Wednesday, May 20, 2015

The cruising sail boat

Boat designers and naval architects go to a huge amount of trouble to create a product that not only sails well, is fast and stable and has as much usable space as possible below but are also pleasing to the eye. Careful consideration is given to the lines of the cabin top, chine and top sides so the boat looks sleek and streamline, then along comes the serious world cruiser and ruins all their hard work by adding a wide selection of accoutrements. I believe there must be some correlation between the amount of experience, or time cruising, of a sailor by the amount of accoutrements a boat might have. A sailor new to cruising will probably have a Bimini or other cockpit cover and a solar panel or two but the list grows exponentially for the long term cruiser. For a start they have a large number of jerry cans on deck to carry extra fuel and water, additional gas bottles, kayaks, paddle boards, grills, fenders, life saving devices, complex tilting solar panels, possibly multiple outboard motors, spare main anchors, stern anchors, spare lines, wind vane steering, dinghy and even pot plants and dog pee mats and much more. Once all that equipment is on board everything is then covered with Sunbrella canvas to protect it from the harsh tropical sunshine along with extra cockpit protection and full length boat covers. After all that the original boat and it's sleek lines are hardly visible but it looks ready to tackle any weather or situation the long distance cruising sailor might find themselves in albeit their waterline has gone up a few inches. I personally like the look, I believe they look seriously utilitarian rather than the vain beauty and impracticality of many modern boats. I will be posting some more pictures of mega cruising boats as I come across them or if you see any send me a pic to post.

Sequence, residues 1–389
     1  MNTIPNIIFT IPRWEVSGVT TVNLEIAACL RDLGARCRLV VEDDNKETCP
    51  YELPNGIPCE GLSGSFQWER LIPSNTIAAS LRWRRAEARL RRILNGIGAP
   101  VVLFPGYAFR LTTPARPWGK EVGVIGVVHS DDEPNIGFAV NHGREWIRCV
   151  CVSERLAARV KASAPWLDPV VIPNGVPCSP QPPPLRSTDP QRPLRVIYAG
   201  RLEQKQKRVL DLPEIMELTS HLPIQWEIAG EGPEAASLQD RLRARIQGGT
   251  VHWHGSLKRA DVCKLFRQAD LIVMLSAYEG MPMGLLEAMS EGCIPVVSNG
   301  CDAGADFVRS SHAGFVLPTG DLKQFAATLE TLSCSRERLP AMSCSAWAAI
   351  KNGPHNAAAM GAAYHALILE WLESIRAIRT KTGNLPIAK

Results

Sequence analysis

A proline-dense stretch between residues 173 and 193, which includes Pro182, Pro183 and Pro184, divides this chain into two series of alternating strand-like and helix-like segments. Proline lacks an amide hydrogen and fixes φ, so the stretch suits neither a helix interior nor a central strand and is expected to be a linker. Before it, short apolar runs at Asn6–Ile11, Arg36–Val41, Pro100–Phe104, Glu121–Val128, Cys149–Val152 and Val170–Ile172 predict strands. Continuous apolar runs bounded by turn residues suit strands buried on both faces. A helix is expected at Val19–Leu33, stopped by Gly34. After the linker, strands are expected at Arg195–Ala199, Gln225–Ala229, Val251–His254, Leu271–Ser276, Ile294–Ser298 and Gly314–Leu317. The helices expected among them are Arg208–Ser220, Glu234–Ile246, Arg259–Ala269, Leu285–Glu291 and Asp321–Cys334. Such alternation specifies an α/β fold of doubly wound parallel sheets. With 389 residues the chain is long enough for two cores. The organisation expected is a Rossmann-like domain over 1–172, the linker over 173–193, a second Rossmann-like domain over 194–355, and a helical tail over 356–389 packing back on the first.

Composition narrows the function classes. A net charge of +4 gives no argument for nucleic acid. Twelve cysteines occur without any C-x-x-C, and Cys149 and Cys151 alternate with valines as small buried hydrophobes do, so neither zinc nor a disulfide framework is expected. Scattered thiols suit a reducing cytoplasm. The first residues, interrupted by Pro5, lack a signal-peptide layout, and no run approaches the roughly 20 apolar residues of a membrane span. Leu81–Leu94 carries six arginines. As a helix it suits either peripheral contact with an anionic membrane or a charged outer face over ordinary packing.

Check out the waterline...

1 comment:

  1. Ah, the tramp steamer look. Do you know the material used in the last photo? Looks to provide shade yet allow air to move.